This is what you need to do:
Keep in mind the 5 rights: right med, right dose, right time, right patient, right mode of administration. No hospital P & P is going to encompass more than that. If it does, you just need to focus on the 5 rights, PLUS whether someone is allergic or not.
You don't state if you are a new nurse or not, but it sounds like you might be. Keep a Nurse's Drug Handbook
on your Med cart, and if you have any questions about compatability or interactions, try to look them up-WITHOUT consuming too much time. If you are really unfamiliar with meds, make a list of the ones most commonly used on your unit (regular and PRN's) and use your handy little reference book at home one weekend to become more familiar with what you are administering.
When you are looking at the MAR (medication administration record), be sure you have the right room & the right patient name on it. Be sure you do not give a one-time only or D/C'd med. Otherwise, get your med cup out & write the name & bed number on it, open the med drawer, and put the little unit-dose packets in the med cup. If you use a tray, do each patient on your team the same way. Then, carrying your little tray, pass the meds, opening the meds at the bedside, and being sure that the patient swallows and does not "cheek" the meds. NEVER leave meds for patients to take by themselves. If they are in the bathroom, come back to them.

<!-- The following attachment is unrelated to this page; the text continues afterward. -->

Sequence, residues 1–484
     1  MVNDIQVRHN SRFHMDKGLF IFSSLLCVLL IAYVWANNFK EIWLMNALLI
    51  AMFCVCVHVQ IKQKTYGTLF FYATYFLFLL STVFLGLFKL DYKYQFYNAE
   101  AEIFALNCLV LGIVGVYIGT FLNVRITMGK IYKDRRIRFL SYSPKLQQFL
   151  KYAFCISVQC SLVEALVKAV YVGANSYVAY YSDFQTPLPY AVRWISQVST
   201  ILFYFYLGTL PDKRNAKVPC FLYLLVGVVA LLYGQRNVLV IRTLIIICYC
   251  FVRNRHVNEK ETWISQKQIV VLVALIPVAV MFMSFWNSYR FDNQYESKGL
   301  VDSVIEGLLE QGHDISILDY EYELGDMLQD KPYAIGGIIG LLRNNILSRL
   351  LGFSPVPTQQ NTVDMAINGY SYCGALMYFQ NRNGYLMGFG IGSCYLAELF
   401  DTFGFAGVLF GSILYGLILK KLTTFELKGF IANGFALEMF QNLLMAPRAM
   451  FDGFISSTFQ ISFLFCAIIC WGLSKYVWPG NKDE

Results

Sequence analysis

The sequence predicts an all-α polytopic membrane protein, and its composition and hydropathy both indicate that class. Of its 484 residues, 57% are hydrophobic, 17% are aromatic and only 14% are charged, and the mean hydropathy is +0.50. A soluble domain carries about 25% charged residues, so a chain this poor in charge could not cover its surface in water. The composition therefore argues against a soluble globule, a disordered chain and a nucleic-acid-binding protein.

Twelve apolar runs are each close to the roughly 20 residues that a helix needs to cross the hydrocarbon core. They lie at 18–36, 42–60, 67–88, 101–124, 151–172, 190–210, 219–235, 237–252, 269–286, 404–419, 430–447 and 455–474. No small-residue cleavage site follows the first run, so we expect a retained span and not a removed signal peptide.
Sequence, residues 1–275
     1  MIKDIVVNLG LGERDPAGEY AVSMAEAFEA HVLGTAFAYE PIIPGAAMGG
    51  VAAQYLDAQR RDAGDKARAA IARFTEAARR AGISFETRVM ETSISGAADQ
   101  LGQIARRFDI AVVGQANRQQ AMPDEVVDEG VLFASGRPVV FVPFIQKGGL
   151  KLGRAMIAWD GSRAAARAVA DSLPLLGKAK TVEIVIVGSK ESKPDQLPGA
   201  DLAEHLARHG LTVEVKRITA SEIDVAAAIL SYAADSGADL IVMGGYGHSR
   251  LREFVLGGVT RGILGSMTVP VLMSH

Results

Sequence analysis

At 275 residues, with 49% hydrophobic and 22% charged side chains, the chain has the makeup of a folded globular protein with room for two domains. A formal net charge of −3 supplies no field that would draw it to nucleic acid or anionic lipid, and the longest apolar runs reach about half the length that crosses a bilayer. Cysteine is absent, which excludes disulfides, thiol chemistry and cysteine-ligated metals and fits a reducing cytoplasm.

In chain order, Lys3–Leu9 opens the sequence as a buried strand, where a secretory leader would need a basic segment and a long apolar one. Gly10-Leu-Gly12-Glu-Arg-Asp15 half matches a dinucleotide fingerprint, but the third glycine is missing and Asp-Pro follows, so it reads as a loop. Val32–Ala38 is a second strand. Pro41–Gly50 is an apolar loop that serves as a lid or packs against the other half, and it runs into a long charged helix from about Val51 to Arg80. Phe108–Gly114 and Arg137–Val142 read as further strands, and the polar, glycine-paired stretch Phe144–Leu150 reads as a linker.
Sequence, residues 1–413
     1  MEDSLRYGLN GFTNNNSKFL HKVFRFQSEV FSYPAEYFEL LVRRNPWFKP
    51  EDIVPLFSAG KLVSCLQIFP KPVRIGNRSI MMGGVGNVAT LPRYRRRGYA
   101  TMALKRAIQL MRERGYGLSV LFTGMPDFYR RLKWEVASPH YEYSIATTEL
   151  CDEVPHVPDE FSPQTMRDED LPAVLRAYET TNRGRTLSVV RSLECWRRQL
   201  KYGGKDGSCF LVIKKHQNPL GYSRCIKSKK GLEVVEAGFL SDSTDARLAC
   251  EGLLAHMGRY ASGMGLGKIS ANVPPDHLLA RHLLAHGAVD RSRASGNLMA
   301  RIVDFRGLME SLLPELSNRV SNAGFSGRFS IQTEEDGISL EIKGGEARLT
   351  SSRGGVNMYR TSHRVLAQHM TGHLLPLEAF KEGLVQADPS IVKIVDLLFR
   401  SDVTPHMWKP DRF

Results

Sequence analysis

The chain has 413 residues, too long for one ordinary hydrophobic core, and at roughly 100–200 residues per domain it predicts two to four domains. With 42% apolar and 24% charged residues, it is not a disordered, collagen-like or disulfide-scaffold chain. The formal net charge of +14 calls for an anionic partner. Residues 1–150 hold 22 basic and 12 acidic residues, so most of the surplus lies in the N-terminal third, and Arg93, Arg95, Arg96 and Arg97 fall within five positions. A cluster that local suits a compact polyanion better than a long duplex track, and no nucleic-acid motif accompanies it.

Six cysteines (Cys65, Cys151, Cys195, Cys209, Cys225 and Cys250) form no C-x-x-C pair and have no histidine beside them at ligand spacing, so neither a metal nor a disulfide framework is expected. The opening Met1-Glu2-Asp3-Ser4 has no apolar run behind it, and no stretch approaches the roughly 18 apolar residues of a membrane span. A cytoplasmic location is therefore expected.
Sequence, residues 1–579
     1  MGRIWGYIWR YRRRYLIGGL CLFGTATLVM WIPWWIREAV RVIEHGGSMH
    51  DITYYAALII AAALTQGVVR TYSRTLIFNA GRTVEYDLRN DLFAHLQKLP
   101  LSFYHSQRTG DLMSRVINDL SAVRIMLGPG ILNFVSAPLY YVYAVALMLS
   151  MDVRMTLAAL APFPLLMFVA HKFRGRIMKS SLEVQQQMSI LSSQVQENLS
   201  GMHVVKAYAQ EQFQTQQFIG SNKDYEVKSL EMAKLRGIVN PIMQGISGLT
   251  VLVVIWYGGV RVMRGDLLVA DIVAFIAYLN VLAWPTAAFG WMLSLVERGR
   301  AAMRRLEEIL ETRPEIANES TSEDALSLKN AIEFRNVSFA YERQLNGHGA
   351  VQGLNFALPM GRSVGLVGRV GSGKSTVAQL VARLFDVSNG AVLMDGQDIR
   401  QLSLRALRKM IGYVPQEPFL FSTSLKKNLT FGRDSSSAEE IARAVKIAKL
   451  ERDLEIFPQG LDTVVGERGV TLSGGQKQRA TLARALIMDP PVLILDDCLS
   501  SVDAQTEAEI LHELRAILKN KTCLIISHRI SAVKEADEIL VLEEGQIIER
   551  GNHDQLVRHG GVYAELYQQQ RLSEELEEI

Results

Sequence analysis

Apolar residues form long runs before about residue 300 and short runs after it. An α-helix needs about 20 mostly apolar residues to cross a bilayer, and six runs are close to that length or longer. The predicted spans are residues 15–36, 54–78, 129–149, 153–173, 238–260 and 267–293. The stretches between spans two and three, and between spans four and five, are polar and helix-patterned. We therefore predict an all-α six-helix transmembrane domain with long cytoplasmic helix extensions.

If you are using a med cart, do the same little med cup process, and do both patients at one time. That way you only have to go into the room once.
Also, check your MAR at the beginning of your shift and periodically through the day. If there are IVPB's that need to be obtained from Pharmacy, or mixed on the Unit, or need to be removed from refrigeration to warm up a little, be sure to do it so they will be ready to hang at the appropriate time.
By all means, if you have questions, ask another nurse, or call Pharmacy. If you do all of these things, you can just about forget the P & P book. Of course, if you have an odd med to administer, or an unusual protocol, it is always best to check the book, to be sure.
Good luck on being a more productive, accurate, med-passer! (-;